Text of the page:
Five men and five women are in the running for the Czech Sportsperson of the Year award. The finalists include the holder, tennis player Petra Kvitová, and three-time winner Martina Sáblíková, a speed skater. The other contenders are Zuzana Hejnová (hurdles), Jaromír Jágr (ice hockey), Ondřej Moravec (biathlon), Jiří Prskavec (water slalom), Gabriela Soukalová (biathlon), Ondřej Synek (rowing), Lucie Šafářová (tennis) and Zdeněk Štybar (cycling).
The Czech state is set to hand the chateau in Kroměříž in Moravia back to the Roman Catholic Church under restitution legislation. Under a deal signed on Tuesday, part of the property will be returned later this week while a broader agreement on handing the chateau back will be signed by the National Heritage Institute and the archbishop of Olomouc next year. The state is gradually returning assets valued at CZK 75 billion to church groups. More than CZK 60 billion in financial compensation will go to the churches over a 30-year period in lieu of properties not being handed back.
The Czech president, Miloš Zeman, supports a decision by Germany’s cabinet to provide military support in the fight against Islamic State militants in Syria. The Berlin government wants to send a force of 1,200 soldiers to the region. Speaking via his spokesman, Mr. Zeman said it was only a good thing if countries decided to fight Islamic State. Mr. Zeman called for joint international action against Islamic State in a speech to the UN General Assembly in September.
The singer Karel Gott returned to hospital on Sunday to continue treatment for cancer, a spokesperson said. On Saturday the 76-year-old appeared at the Czech Nightingale music awards, where he took the top prize for the 40th time. The tabloid Blesk reported that the veteran star was set to undergo a second course of chemotherapy for cancer of the lymph nodes. Mr. Gott has sold more than 50 million records, with his biggest success coming in German-speaking countries.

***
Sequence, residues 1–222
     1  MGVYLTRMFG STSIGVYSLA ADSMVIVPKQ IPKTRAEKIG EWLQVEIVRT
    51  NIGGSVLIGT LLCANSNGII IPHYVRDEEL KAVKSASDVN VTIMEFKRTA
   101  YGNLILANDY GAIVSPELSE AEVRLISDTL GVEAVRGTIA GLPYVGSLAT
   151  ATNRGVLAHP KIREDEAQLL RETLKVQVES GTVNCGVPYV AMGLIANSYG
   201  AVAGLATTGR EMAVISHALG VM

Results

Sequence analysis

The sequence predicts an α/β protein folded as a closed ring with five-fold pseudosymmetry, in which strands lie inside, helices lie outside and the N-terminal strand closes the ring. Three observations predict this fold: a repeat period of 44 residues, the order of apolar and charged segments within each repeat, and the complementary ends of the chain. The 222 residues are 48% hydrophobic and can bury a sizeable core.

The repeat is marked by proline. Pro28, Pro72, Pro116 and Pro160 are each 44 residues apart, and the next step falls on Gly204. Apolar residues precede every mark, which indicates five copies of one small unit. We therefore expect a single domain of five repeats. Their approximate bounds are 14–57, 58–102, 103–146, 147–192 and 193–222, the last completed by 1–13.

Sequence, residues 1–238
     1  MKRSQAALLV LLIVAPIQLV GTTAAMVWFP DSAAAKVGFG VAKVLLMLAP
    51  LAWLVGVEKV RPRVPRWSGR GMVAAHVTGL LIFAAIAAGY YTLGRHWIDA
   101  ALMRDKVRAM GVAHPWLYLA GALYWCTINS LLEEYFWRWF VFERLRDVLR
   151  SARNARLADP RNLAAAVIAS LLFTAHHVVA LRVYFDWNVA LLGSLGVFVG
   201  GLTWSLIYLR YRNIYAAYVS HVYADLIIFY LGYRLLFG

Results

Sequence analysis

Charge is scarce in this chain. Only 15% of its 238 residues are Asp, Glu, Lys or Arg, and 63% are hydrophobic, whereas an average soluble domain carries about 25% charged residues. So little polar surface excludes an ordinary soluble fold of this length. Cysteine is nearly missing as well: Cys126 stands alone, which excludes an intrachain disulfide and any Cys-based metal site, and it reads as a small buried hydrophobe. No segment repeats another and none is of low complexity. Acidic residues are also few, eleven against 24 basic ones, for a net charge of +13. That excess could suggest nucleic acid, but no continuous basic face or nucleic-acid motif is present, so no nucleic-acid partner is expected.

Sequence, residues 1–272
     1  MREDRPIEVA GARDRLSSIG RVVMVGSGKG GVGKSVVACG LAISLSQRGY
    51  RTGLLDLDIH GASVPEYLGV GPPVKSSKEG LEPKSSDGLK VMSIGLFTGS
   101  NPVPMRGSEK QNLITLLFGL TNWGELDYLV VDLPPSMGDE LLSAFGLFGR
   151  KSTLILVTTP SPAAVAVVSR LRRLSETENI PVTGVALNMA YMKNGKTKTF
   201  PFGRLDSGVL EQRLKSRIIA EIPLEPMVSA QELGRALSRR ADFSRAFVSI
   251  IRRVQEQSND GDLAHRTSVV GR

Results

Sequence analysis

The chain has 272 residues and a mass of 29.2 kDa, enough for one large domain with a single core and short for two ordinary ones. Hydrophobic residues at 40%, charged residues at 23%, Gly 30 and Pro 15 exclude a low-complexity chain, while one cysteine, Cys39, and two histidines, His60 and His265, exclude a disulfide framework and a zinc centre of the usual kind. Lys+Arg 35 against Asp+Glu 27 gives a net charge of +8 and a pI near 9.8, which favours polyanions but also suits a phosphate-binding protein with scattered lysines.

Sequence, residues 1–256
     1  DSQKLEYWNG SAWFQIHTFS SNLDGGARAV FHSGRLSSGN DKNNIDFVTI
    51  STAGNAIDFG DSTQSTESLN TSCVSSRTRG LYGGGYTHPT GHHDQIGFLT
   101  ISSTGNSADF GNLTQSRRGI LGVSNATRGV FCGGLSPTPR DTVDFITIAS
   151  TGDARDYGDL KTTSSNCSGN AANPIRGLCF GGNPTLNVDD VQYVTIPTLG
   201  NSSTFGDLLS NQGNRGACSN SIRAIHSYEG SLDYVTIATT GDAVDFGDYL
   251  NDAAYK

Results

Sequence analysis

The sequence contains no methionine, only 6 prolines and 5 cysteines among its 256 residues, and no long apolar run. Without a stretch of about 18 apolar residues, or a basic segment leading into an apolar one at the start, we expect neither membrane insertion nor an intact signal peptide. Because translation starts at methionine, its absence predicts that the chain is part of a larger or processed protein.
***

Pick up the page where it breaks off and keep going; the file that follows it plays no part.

State officials would be required to make their CVs public under a new government anti-corruption strategy presented by the minister for human rights and legislation, Jiří Dienstbier, on Tuesday. The plan is aimed at increasing transparency in the state administration, the minister told reporters. Officials from the level of head of department up would be required to make their work and educational backgrounds public. Mr. Dienstbier said the cabinet would also work on other anti-corruption measures that had got stuck in the legislative process, including a registry of contracts and laws on political parties and public tenders.
Prague has begun plans for a provisional budget for 2016. Councillors rejected a planned budget due to instability caused by the recent collapse of the city government. The provisional budget will be agreed monthly and correspond to a 12th of the budget for this year. The city also began 2015 with a provisional budget. Talks are continuing between parties with seats on the council after a coalition of ANO, the Social Democrats and the Three Coalition split last month.
Viktoria Plzeň have entered the winter break in Czech soccer’s top flight as league leaders after beating Jablonec 1:0 on Monday night. That result meant they could not be overtaken by reigning champions Sparta Prague, who came from behind to overcome Brno 2:1. The top two still have one Europa League game each before Christmas; Sparta have already reached the next stage but Plzeň cannot advance in the competition.
The president of South Korea, Park Geun-Hye, is beginning a four-day visit to the Czech Republic on Tuesday. During her stay she will attend a joint summit with the Visegrad Four states as well as meeting the Czech prime minister, Bohuslav Sobotka, and president, Miloš Zeman. South Korean companies are expected to announce fresh investments in the Czech Republic totalling around CZK 1 billion in the course of Park Geun-Hye’s visit.
Police revealed on Monday that 51 people died in traffic accidents in the Czech Republic in the month of November, bringing the total number of road deaths over 11 months to 604. The number of people who lost their lives on Czech roads this year is higher by 28 compared to the first 11 months of 2014.
Heavy rainfall throughout Monday night led to a rise in water levels on parts of the Otava and Labe rivers. Flood warnings are in effect in Šumava. Levels are still rising in areas, nevertheless the Czech Hydrometeorological Institute expects the situation to improve over the course of Tuesday and for the risk of flooding to diminish.